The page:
The surge in risk appetite among investors after this week’s U.S. Presidential election is likely to trigger an end-of-year borrowing rush by developing world governments, analysts say.
Emerging market (EM) bonds and currencies have surged as the unfolding U.S. elections have left Democrat Joe Biden edging closer to winning the White House.
The greenback has slumped to a two-month low, making emerging markets more attractive for non-dollar investors, while the prospect of Biden dialling down Donald Trump’s trade war with China is seen as another potential positive.
“Given the conducive market backdrop, we expect supply (debt issuance) to pick up in coming weeks,” analysts at Morgan Stanley said in a note on Friday, predicting $25 billion worth of sovereign issuance and another $5 billion worth of quasi-sovereign sales before the end of the year.
The rush comes as the coronavirus crisis leaves governments with substantial holes in their finances. Analysts had already expected overall EM issuance to meet or surpass the record $620 billion governments and companies sold in 2017.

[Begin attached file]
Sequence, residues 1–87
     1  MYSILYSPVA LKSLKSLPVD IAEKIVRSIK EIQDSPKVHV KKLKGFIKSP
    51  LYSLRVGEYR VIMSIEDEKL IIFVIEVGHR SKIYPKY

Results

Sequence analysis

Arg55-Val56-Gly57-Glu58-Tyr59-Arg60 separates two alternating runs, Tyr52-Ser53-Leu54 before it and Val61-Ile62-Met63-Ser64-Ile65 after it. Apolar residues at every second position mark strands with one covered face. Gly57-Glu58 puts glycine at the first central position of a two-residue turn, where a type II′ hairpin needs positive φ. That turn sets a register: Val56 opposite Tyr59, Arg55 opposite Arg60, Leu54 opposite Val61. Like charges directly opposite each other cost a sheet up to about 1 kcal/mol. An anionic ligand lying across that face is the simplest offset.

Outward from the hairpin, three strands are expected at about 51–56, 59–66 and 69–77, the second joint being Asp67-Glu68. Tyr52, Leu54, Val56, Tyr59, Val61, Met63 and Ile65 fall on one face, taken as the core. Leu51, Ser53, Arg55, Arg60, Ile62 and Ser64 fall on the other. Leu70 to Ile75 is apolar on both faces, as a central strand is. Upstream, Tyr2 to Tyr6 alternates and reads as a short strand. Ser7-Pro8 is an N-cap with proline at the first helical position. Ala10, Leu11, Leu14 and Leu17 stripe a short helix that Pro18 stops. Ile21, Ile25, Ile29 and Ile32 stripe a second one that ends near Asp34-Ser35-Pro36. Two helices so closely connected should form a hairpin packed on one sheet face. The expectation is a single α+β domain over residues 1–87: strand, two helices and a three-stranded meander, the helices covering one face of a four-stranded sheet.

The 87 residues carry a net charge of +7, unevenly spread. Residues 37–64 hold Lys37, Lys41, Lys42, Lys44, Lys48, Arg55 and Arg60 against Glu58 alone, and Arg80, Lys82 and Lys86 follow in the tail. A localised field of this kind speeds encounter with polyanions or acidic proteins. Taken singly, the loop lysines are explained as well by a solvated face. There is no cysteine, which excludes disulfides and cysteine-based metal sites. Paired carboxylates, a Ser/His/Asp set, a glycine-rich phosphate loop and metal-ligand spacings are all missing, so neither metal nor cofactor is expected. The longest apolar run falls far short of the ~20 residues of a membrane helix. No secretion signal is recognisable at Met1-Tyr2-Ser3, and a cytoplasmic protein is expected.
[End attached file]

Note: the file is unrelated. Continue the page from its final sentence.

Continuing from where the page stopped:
“With this credit compression crashing lower, sovereigns must be tempted to come with a wall of issuance as next year is still going to be quite challenging,” Tim Ash at BlueBay Asset Management said.
Ash added this week’s rally had seen a surge of buying from yield-hunting “tourist” investors, those that don’t usually buy EM debt, helping even countries like Oman, which saw a turbulent debt sale last month, and Sri Lanka where default worries are growing.
A recent International Monetary Fund study showed the last decade saw the largest, fastest and most broad-based increase in debt in developing economies in the past 50 years.
Total EM debt has grown by 60 percentage points of GDP it calculated, while the Institute of International Finance estimated it rose another 10 points earlier this year to stand at a record 230% of overall EM GDP.
With many countries facing gaping budget deficits it is encouraging countries to leap on the lower borrowing costs.
“Clearly credit spreads have been tightening this week so it is cheaper (for emerging market borrowers) to come out and issue now,” said UBS’s head of EM strategy Manik Narain.
“But whether they do it now, or wait to Q1 next year” he said, referring to the U.S. Federal Reserve potenially pushing global rates lower with more easing, “I’m not quite sure.”